Transparency is one of the elemental aspects within the texts portrayed as being important in a technological world. A particular character that embodies this aspect is a local congressional representative who contracts the company to reveal her schedule and all the happenings of her life. The main aim of this politician is to assure the public that she is transparent and has no ulterior motives in vying for the political seat. Her actions prompt the public to demand for transparency from other local politicians. This demand can be considered justified in the sense that the community posses the right to infringe into a person’s privacy with the intent of accomplishing the greater good. This is what Eggers terms as poetic justice, which can be achieved through the Circle, as it has been able to monopolize the information and data industry. With intentions such as upholding transparency through correcting capitalism, maintaining information ethics and regulation of the information control systems, the Circle is able to assure the public that transparency can be achieved.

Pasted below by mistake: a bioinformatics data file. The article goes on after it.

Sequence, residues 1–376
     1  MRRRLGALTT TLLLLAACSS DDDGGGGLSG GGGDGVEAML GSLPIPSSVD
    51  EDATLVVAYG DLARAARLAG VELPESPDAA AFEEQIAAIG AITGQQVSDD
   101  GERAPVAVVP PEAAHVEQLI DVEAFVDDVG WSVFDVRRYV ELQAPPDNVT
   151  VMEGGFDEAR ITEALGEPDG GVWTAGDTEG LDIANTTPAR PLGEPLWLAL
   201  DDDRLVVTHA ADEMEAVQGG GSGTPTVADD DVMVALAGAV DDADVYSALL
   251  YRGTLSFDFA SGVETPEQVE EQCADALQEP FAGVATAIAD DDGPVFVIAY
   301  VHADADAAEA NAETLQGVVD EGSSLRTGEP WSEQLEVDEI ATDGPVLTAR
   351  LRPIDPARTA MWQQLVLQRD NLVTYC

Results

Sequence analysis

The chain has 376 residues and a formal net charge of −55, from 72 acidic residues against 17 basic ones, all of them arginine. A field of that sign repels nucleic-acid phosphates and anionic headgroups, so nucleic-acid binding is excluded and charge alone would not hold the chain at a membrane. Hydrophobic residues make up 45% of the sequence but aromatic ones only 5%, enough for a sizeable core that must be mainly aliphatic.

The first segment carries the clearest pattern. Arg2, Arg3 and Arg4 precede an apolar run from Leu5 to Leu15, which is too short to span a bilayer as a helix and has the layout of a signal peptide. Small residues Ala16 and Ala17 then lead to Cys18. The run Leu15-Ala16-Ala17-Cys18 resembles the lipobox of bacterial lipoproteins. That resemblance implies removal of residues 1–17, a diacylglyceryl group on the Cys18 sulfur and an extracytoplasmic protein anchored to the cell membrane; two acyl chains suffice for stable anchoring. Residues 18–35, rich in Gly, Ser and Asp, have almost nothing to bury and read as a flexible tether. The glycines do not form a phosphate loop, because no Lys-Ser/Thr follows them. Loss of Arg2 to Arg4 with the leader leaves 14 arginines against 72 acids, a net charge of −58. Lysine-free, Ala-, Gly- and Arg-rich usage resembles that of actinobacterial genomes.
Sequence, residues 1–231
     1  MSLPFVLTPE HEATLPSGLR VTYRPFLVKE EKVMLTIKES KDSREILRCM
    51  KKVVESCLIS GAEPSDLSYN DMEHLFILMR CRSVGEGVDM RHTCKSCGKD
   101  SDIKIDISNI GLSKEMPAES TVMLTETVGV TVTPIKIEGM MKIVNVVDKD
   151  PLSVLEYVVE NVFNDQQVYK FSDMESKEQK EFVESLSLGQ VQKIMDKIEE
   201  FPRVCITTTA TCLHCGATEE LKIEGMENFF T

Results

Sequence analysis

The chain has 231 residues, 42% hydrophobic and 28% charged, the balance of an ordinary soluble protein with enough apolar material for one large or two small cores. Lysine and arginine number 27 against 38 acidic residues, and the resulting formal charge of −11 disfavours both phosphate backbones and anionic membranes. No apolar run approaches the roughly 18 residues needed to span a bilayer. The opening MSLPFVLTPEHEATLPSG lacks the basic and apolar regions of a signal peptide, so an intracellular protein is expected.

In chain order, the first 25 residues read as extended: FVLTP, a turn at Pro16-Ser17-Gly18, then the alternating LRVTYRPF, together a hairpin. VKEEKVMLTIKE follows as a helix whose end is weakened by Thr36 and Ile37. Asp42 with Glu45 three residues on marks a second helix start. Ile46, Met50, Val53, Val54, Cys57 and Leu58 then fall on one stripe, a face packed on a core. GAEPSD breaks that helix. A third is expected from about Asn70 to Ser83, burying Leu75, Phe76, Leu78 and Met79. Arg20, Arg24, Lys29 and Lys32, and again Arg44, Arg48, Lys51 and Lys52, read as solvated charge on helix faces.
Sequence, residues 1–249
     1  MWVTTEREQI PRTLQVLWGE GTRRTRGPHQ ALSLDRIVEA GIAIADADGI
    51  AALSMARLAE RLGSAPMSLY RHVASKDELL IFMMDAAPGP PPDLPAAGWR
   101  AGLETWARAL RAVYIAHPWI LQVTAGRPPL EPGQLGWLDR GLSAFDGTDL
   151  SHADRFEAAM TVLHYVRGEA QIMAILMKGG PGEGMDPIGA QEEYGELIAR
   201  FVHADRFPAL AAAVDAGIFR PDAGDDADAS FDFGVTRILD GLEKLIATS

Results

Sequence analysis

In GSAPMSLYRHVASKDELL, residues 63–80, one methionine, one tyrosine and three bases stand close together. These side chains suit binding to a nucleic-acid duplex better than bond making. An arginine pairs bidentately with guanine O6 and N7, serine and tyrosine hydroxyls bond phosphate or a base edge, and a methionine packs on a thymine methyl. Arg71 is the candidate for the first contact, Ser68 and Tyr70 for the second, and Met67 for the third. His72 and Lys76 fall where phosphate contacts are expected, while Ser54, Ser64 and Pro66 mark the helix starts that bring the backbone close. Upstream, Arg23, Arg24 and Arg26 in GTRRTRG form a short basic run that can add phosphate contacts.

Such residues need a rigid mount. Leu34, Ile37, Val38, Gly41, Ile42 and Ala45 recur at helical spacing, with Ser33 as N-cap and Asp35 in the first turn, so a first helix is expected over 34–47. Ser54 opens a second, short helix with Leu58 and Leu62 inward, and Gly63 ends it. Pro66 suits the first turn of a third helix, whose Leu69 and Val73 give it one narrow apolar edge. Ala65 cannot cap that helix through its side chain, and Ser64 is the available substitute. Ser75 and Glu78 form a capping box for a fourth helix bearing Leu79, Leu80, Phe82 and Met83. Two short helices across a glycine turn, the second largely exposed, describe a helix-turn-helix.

Conditioning of the society is illustrated as a consequent result of transparency as indicated by Eggers. The technologies employed are structured in manner that allows people to watch each other hence acting like a security strategy whereby crime reduction is attainable. The conditioning of the community to this trend is considered effectual due to several reasons. Firstly, Eggers indicates that trespassing can be curtailed as well as wandering children can be returned back to their parents. Seemingly, what the author indicates is that conditioning is not only positive towards increasing the safety levels within the community but also is applicable in smaller societies, which are dependant on social interactions. Internet has allowed information to be shared which has in turn facilitates the connectedness and conditioning of the global and state communities hence creating a need which pervades everything as it acts as an adhesive that ties cultures together.